First Edition Cycling News for April 2, 2004
Edited by Chris Henry and Jeff Jones
Museeuw and Boonen ready for the Ronde
By Jeff Jones in De Panne
Johan Museeuw and Tom Boonen are two of Quick.Step-Davitamon's leading lights for this Sunday's Ronde van Vlaanderen. Together with Paolo Bettini, they will form one of the strongest blocks in this World Cup race, and it will be a surprise if one of them isn't in contention for the finale. Shortly after the finish of the Driedaagse van De Panne today, both Museeuw and Boonen gave a press conference at their hotel, and discussed their plans for the weekend.
Johan Museeuw's retirement at the Scheldeprijs in Antwerp/Schoten is less than two weeks away, but the Lion of Flanders, who is the most successful classics rider of his generation, is not thinking of his exit from the cycling milieu. Although Museeuw admits the Scheldeprijs is "not a race for me...firstly there are still two World Cup races [Flanders and Roubaix]. I've already said I'll concentrate on my final races."
Museeuw looks to be in good condition at the moment, but nevertheless rates himself as an "outside chance" for Flanders, a race that he's won three times. A fourth win in Ninove/Meerbeke would put him ahead of everyone in the record books, but that doesn't play a role in Museeuw's thinking for Sunday. "I doubt myself," he said. "I'm not as explosive as I was. Even forcing on the climbs is harder. It hasn't been a sudden change - it just goes slowly. It will be a little bit different than previously. It's possible that I will play a support role in the finale for Boonen and Bettini.
"Everyone races for each other in this team...I'll start with ambitions for the team to win. When Tom Boonen won last Saturday I was also very satisfied."
Asked about his "ideal race scenario", Museeuw lightheartedly said that it would be to "get over the hills and then to ride away alone" but added, more seriously, "Cycling is such a big sport that gifts aren't given out. I'm not afraid if it comes down to a small group at the end; I'm not chanceless in a sprint like that. Sprinting after 260 kilometres is different. It's not as explosive. The rider's power and freshness are important."
Surprisingly, for someone who was born and raised in West Flanders, Johan Museeuw would prefer the weather to be good on Sunday for the Ronde. "When I rode the Ronde in bad weather conditions, I finished a long way back," he said, prompting a short among the gathered press about whether Eric Vanderaerden had won that year [he hadn't].
The Quick.Step-Davitamon team tactics were surprisingly not forthcoming from Museeuw, but he hopes that the team will have "as many men as possible over the Koppenberg."
As to his favourites for the Ronde, Museeuw names last year's winner Peter van Petegem as the top favourite. "Van Petegem can deal with the pressure of the race. No-one sees him and then suddenly he attacks. He has been strong in recent races and is certainly the favourites. More so than ever."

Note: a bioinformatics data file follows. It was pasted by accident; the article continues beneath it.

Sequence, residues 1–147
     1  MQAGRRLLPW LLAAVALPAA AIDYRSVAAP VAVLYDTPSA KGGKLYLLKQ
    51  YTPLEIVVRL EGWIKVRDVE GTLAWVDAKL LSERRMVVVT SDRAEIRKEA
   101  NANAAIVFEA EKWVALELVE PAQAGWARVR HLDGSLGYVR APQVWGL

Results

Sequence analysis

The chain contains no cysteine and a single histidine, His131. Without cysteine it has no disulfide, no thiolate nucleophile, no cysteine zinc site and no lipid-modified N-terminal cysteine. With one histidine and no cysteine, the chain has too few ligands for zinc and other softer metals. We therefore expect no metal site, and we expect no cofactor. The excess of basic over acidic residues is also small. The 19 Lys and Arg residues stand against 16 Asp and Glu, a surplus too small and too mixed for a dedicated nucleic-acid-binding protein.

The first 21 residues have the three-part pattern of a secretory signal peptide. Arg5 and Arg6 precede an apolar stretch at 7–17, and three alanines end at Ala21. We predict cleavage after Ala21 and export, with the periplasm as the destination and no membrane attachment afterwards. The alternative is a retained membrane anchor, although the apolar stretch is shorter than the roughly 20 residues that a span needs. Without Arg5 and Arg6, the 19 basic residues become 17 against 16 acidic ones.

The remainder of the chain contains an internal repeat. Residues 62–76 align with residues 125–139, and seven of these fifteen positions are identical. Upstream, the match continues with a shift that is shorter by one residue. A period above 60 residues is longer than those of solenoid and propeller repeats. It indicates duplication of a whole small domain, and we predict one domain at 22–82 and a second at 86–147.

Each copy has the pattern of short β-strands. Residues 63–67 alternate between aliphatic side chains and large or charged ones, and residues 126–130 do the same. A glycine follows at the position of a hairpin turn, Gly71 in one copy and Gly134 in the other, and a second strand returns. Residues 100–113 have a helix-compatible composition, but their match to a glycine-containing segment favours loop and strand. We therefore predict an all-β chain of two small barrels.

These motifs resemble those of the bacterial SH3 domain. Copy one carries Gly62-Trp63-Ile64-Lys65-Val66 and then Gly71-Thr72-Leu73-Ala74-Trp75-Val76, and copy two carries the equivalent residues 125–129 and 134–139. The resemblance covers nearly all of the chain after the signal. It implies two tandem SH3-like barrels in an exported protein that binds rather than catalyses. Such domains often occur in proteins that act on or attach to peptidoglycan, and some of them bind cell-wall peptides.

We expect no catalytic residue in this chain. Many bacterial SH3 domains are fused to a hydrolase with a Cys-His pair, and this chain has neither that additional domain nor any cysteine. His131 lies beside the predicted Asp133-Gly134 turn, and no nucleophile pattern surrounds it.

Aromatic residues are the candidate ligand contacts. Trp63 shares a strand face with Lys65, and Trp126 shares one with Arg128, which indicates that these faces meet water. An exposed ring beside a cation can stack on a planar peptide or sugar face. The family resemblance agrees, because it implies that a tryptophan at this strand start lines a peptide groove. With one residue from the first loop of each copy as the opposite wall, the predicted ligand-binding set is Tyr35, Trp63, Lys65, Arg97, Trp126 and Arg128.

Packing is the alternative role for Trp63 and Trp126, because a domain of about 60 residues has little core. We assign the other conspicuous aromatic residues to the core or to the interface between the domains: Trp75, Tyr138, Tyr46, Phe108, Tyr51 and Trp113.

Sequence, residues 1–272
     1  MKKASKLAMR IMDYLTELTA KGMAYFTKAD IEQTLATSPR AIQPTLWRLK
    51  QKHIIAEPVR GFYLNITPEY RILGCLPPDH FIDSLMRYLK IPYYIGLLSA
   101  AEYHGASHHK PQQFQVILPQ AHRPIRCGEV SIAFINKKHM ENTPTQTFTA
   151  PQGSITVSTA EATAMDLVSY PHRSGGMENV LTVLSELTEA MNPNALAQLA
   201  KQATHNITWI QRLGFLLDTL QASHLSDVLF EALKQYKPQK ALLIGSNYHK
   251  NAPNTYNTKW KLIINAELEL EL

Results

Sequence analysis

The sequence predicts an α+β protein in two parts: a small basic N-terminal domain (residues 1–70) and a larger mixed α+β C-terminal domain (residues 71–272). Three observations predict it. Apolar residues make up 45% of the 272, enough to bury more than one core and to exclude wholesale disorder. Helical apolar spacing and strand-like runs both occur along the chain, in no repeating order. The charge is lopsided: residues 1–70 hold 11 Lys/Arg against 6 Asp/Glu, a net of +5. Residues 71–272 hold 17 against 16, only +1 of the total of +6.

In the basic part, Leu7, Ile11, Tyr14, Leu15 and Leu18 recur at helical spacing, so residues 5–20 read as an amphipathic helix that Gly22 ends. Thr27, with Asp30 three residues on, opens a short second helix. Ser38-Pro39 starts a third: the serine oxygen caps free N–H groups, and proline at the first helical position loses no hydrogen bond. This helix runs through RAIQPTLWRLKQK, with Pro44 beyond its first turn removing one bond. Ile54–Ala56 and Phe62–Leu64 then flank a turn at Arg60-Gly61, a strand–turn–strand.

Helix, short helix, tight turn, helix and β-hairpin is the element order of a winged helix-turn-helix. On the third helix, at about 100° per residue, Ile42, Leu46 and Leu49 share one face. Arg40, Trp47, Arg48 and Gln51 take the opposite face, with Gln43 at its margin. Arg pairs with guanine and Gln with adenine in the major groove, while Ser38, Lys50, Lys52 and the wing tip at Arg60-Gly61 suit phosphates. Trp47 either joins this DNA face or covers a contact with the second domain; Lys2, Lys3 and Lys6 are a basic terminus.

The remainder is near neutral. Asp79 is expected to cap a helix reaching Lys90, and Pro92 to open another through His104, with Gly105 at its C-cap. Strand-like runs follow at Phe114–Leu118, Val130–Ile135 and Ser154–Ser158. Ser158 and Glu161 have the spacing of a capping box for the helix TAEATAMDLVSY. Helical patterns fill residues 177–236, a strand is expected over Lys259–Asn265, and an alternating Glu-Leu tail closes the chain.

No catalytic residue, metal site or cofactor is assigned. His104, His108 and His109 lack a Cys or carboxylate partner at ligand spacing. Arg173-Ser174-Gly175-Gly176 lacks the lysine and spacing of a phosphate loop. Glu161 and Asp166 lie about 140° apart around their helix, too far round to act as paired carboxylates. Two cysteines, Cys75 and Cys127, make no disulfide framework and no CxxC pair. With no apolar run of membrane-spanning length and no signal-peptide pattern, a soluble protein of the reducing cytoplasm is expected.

Museeuw also named Rabobank's Erik Dekker is a man to watch, along with Michael Boogerd, Frank Vandenbroucke and Dave Bruylandts.
Tom Boonen is another rider that Quick.Step should be able to count on for Sunday, although the talented 23 year old admits he may lack a little bit of endurance to go deep in the finale. Winner of the tough E3 Prijs last Saturday, Boonen said that, "I'm not a big favourite, but one of the favourites."
Boonen's recovery plans over the next two days will include, "not doing much tomorrow and having lots of rest. On Saturday I'll do two hours, then travel to Gent, have a massage and a sleep."
There is no particular climb that Tom Boonen hates in the Ronde van Vlaanderen. "They're all difficult, but there's not one that stands out. The Oude Kwaremont is my favourite."
Quick.Step-Davitamon for the Ronde van Vlaanderen: Johan Museeuw, Paolo Bettini, Tom Boonen, Wilfried Cretskens, Kevin Hulsmans, Servais Knaven, Luca Paolini, Stefano Zanini.
Van Petegem quietly confident
Defending champion Peter Van Petegem (Lotto-Domo) didn't set the roads on fire in De Panne, but believes he will be ready for Sunday's Ronde van Vlaanderen. "I feel good," he told VRT TV. "I could do everything perfectly; I've had good preparation; I haven't really been sick - only before the Omloop. The condition is good and I'm riding as well as last year."
When asked about Frank Vandenbroucke, who finished second behind Van Petegem last year, he replied "I've seen that he has been very good recently. We know Frank. He certainly wants to stand on the podium on Sunday."
Manzano's not done yet
"This doesn't end here," Jesus Manzano said at a press conference in Madrid, Spain Thursday. For the rider at the centre of the doping storm following extensive revelations and allegations of organised doping in the Kelme team, the chance to speak openly has brought new opportunities and also new challenges. Manzano met with his new Amore e Vita team Wednesday, which was presented in the presence of Pope John Paul II at the Vatican. Meanwhile, following his whistle-blowing in the professional peloton, the Spaniard said he continues to receive threats from unnamed parties.